Best Defense

Thomas E. Ricks' daily take on national security.

Will Tehran push Baghdad to re-open the SOFA with the crusaders in 2011?

Last night I was reading a very thorough analysis of Iraqi politics by Judith Yaphe, who has forgotten more about Iraq than I will ever know. She made one point in particular that struck me: Regardless of who wins the election, Baghdad will not have a military capable of defending it against external threats by ...

Paul Keller/flickr
Paul Keller/flickr
Paul Keller/flickr

Last night I was reading a very thorough analysis of Iraqi politics by Judith Yaphe, who has forgotten more about Iraq than I will ever know. She made one point in particular that struck me:

Regardless of who wins the election, Baghdad will not have a military capable of defending it against external threats by the time the SOFA expires [at the end of 2011, when all U.S. military forces are supposed to be out of Iraq]. It will have no real control over its air space . . . .

Think of that. On Jan. 1, 2012, when, some say, there will be no more Status of Forces Agreement, there really will be very little to prevent Israeli aircraft from zipping right through Iraqi air space and onto targets in Iran. And if American forces are out, no one can blame the Americans for allowing it to happen . . . .  But if Iraq re-opens the SOFA and negotiates a substantial continued U.S. presence, the door for potential Israeli air strikes stays closed.

Last night I was reading a very thorough analysis of Iraqi politics by Judith Yaphe, who has forgotten more about Iraq than I will ever know. She made one point in particular that struck me:

Regardless of who wins the election, Baghdad will not have a military capable of defending it against external threats by the time the SOFA expires [at the end of 2011, when all U.S. military forces are supposed to be out of Iraq]. It will have no real control over its air space . . . .

Think of that. On Jan. 1, 2012, when, some say, there will be no more Status of Forces Agreement, there really will be very little to prevent Israeli aircraft from zipping right through Iraqi air space and onto targets in Iran. And if American forces are out, no one can blame the Americans for allowing it to happen . . . .  But if Iraq re-opens the SOFA and negotiates a substantial continued U.S. presence, the door for potential Israeli air strikes stays closed.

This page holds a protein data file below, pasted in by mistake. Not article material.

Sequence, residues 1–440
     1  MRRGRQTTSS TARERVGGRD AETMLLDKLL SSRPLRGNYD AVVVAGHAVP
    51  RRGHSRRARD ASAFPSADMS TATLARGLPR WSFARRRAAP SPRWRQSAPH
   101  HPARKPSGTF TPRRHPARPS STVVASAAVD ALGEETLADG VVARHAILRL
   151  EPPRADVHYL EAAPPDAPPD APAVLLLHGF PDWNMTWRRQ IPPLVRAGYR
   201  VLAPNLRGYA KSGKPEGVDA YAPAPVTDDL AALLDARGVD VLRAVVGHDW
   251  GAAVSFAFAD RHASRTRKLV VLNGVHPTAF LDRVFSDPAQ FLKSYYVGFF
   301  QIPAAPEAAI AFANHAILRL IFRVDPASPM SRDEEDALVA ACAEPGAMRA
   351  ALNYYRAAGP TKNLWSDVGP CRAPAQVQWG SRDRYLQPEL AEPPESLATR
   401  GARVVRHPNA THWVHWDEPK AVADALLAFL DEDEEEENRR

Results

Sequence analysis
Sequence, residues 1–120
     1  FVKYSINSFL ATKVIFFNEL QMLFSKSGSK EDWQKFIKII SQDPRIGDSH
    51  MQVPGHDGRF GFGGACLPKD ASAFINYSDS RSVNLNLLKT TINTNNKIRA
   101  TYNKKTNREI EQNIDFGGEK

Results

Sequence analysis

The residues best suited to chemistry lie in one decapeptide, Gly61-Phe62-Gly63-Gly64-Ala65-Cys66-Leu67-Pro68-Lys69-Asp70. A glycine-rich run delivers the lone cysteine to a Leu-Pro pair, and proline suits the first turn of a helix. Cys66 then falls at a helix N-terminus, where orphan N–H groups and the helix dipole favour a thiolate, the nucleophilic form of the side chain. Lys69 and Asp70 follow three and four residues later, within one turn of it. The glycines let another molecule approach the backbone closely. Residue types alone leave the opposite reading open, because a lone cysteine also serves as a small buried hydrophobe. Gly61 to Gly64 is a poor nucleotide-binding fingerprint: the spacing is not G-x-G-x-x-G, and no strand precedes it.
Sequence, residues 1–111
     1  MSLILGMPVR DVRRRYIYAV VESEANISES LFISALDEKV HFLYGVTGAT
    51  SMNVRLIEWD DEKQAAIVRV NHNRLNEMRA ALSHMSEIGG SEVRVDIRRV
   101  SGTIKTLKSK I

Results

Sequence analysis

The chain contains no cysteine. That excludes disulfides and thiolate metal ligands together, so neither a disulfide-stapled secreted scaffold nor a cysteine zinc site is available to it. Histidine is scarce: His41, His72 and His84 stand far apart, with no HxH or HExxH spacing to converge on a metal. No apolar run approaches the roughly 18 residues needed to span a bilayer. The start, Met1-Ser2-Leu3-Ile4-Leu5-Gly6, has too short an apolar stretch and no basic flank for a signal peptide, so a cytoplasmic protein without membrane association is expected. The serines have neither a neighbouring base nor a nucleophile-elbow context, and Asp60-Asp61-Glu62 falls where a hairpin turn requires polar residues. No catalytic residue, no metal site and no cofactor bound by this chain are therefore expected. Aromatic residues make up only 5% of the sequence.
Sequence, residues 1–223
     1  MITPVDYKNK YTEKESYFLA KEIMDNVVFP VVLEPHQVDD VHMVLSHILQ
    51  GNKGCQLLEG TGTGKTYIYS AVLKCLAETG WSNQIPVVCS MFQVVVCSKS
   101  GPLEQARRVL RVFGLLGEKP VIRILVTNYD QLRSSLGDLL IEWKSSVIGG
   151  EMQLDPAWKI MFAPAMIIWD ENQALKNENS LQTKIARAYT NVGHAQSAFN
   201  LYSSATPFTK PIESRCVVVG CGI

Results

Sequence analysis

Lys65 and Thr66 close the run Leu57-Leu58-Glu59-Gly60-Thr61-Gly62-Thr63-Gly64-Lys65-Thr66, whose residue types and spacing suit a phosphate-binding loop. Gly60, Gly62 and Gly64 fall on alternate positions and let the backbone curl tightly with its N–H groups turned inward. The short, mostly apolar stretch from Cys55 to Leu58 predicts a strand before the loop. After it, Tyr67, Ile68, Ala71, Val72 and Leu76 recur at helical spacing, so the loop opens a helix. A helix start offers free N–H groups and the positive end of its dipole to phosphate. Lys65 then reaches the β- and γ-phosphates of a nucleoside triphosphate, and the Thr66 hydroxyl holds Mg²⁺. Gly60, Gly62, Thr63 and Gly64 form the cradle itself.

I can just see the commander of the Quds Force telling Iraqi officials, "Hey, you got to get President Obama to have them stay."  

I also was struck by Yaphe’s assessment of Iraq’s oil future. Bluntly put, OPEC would just as soon Iraq stay out of the market as a supplier. If and when Iraq comes on line, she implies, oil prices are gonna plummet. Hence, "Iraq is . . .  vulnerable to threats from neighbors seeking to thwart its export ambitions." So, it seems to me, Iran and Saudi Arabia both have an incentive to see continued turmoil in Iraq. Kuwait doesn’t even need an excuse to find ways to undercut Iraq. (But I would like to open a bar in Kuwait one day called "The 19th Province.")

Meanwhile, I see that Ms. Helene "Sugar Beach" Cooper and one of her posse have caught up, sort of, with my item from last week about Gen. Odierno asking for more combat troops in Iraq after the August deadline. She is a good soul so I am not gonna cavil about her taking a week to get it, sort of. But it isn’t a "contingency plan," it was a request. 

Thomas E. Ricks covered the U.S. military from 1991 to 2008 for the Wall Street Journal and then the Washington Post. He can be reached at ricksblogcomment@gmail.com. Twitter: @tomricks1

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